Inmate deaths at the County Jail, trial performance and the future of the San Luis Obispo County District Attorney's Office took center stage Wednesday as the two men vying to head the department sparred in a sometime- contentious candidate debate.
District Attorney Dan Dow and challenger Judge Mike Cummins took turns responding to audience members' questions at a 60-minute debate hosted by the Latino Outreach Council in the Board of Supervisors' chambers.
Dow, who's seeking his second term as the county's top prosecutor, touted his office's accomplishments in the last four years and discussed his department's ongoing efforts to combat what he calls a "rise in crime."
Cummins, a retired Stanislaus Superior Court judge and current San Luis Obispo defense attorney, spent most of the debate attacking Dow's performance as a leader and defended his own career as well as his choice to legally change his first name to "Judge Mike."
Since entering the race, Cummins has criticized Dow's decision to not use his office to investigate the death of Atascadero resident Andrew Holland, who died in January 2017 shortly after being released from a full-body restraint chair after nearly 46 hours.
Dow has argued that it's not his place to investigate the jail, but rather the Sheriff-Coroner's Office's. He also claims that the FBI has "asserted federal jurisdiction" over the jail investigation, though an FBI spokeswoman has refuted that claim to The Tribune, saying local investigations have no bearing on the federal agency's efforts.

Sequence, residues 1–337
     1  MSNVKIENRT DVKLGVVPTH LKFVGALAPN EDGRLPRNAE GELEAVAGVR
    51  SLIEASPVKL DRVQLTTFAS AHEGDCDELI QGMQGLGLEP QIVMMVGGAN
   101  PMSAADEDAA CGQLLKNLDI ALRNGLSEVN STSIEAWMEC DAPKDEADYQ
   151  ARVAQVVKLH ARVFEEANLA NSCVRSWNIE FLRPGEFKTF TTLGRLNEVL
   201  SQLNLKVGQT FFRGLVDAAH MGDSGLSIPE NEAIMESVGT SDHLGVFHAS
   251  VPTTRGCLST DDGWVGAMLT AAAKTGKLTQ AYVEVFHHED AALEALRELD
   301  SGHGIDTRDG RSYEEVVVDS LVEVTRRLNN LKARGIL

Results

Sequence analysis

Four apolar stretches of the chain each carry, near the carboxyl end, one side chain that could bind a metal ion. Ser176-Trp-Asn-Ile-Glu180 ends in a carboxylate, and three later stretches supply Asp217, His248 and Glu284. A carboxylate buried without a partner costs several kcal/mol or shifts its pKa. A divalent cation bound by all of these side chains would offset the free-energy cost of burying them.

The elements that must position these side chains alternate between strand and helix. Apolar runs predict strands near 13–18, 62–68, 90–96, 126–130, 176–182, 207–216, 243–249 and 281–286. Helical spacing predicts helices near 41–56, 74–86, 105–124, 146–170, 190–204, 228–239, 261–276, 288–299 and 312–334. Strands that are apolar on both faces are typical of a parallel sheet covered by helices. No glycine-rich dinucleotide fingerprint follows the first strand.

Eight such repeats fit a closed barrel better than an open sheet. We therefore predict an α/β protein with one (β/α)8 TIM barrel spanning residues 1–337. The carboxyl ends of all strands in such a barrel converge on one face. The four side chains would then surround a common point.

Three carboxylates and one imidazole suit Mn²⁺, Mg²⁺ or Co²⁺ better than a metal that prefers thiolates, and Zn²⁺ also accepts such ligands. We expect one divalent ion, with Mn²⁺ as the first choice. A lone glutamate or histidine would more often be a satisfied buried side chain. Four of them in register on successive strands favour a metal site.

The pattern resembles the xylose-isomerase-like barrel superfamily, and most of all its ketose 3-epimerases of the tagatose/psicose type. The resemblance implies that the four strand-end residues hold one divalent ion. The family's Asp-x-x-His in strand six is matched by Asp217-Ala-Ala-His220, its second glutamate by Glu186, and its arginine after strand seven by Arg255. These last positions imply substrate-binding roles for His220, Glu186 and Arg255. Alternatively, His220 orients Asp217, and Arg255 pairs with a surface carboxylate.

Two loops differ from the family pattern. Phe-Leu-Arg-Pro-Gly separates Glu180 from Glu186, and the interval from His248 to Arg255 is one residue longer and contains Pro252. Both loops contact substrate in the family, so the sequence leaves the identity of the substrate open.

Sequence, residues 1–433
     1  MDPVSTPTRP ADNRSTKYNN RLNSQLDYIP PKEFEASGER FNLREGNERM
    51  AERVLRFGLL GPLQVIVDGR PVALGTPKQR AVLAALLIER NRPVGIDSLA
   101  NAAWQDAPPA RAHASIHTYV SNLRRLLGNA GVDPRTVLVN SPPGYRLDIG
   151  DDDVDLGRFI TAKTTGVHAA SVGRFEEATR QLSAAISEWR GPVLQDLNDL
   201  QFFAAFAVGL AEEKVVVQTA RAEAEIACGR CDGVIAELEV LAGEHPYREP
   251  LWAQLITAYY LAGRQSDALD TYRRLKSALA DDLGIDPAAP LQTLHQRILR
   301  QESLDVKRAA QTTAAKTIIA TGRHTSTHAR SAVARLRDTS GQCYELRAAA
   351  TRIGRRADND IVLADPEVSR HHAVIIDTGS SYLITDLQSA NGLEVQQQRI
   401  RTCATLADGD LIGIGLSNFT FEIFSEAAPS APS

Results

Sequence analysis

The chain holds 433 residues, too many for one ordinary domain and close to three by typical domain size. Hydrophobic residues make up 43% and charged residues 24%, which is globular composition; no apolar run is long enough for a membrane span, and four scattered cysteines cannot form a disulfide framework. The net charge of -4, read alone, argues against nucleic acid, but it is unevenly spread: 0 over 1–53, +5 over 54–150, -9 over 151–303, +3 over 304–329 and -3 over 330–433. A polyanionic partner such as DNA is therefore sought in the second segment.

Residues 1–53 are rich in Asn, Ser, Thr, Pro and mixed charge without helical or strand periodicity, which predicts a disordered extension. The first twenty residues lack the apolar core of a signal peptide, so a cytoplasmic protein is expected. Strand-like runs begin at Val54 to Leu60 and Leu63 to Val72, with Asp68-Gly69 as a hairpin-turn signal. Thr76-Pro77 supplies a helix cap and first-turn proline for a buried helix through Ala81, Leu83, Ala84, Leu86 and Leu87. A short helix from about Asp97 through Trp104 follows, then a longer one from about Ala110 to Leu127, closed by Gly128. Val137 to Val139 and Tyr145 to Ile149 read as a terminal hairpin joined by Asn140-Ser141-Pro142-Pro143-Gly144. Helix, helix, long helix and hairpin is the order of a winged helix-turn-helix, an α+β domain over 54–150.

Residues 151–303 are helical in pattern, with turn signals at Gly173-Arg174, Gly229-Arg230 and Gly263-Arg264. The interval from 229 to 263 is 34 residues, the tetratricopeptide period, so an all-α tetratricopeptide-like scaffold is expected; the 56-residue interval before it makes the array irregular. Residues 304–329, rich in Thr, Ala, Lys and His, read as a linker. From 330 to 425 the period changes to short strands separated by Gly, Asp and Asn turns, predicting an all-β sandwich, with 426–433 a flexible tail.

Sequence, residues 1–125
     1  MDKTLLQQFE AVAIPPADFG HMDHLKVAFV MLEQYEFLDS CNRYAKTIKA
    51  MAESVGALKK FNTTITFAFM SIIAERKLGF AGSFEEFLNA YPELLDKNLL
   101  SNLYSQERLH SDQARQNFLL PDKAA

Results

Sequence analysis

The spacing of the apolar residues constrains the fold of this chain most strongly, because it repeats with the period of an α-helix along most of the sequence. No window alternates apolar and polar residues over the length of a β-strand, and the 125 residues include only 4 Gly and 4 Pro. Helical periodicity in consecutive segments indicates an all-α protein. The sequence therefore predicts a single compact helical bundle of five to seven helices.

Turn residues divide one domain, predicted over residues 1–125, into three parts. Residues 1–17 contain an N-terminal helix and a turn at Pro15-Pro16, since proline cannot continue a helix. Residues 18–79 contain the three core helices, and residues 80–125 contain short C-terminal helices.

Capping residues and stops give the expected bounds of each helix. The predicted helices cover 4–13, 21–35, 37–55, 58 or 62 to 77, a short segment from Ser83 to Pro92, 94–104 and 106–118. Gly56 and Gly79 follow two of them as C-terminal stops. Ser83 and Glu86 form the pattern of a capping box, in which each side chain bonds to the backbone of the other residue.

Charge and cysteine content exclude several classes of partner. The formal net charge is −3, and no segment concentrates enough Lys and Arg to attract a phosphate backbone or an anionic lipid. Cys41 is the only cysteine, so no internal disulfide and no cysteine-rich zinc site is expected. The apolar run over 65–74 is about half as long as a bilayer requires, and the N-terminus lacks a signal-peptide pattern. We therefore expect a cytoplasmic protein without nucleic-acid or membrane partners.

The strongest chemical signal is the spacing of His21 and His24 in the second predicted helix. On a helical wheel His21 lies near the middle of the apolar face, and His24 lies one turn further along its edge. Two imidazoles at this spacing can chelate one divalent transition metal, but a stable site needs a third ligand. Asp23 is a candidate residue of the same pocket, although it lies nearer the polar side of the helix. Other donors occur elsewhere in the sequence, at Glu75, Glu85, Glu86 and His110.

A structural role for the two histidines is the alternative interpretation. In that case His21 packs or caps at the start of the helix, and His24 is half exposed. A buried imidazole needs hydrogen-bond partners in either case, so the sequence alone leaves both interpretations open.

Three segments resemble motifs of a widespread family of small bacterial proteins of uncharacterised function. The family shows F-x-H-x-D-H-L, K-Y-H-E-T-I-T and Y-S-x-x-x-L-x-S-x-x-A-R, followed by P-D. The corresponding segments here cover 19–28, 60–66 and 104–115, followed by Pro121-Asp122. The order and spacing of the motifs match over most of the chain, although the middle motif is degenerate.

Cummins is being supported by the SLO Democratic Party and the SLO Progressives, as well as Holland's family, which established a political action committee to support Dow and Sheriff Ian Parkinson's challengers following a $5 million settlement from the county. Cummins also has been endorsed by San Luis Obispo Attorneys for Criminal Justice, the local defense attorney's association.
Dow, on the other hand, has received endorsements from nearly all the local law enforcement associations and police chiefs, as well as about half of his current prosecutorial team and a host of local elected officials.
On Wednesday, the debate got off to a pointed start when Cummins said the biggest problem for the DA's Office over the next few years would be challenges to since-closed criminal cases due to a member of Dow's staff.
In March, records in a child molestation trial of an Arroyo Grande man revealed that one of Dow’s 105 employees never graduated from Cal Poly as stated on her resume.
Tracy Nix, a forensic interviewer for the DA’s Office who’s worked for the county since 1997, regularly interviews children victims of sexual and other abuse and testifies about her findings in criminal proceedings. Records subpoenaed by an attorney in the case showed that Nix never graduated from Cal Poly as she claimed on the witness stand.
Nix previously told The Tribune she believed she had graduated and only learned in March that she had received incompletes on two classes.
Dow has declined to comment about the matter to The Tribune, calling it a personnel issue, even after he hired a third-party investigator to look into Nix’s employment. The county says Nix is still employed.
Questions over Nix’s previous testimony have the potential to lead to a review of cases she has worked on, if defendants or their attorneys file legal challenges.
Asked about the matter, Dow defended his employee and said that she does not testify as a witness in cases.
"I was as shocked as anybody when I learned through a recent trial that she didn't have a degree," Dow said. "We're dealing with the issue, and I'm not going to comment on the specifics."
Dow disputed that Nix's employment issue would lead to challenges to old cases and claimed that Nix doesn't testify as a witness in cases.
"It's interesting that my opponent, who's been both a judge and a defense lawyer, is awfully quick to come to a conclusion of guilt before he has one shred of evidence," Dow said. "He doesn't have the facts."
Inmate deaths and mental health
Asked what should happen following an in-custody death at the jail, Dow said it's the Sheriff's Office who should investigate.
But Dow also addressed Holland's death specifically.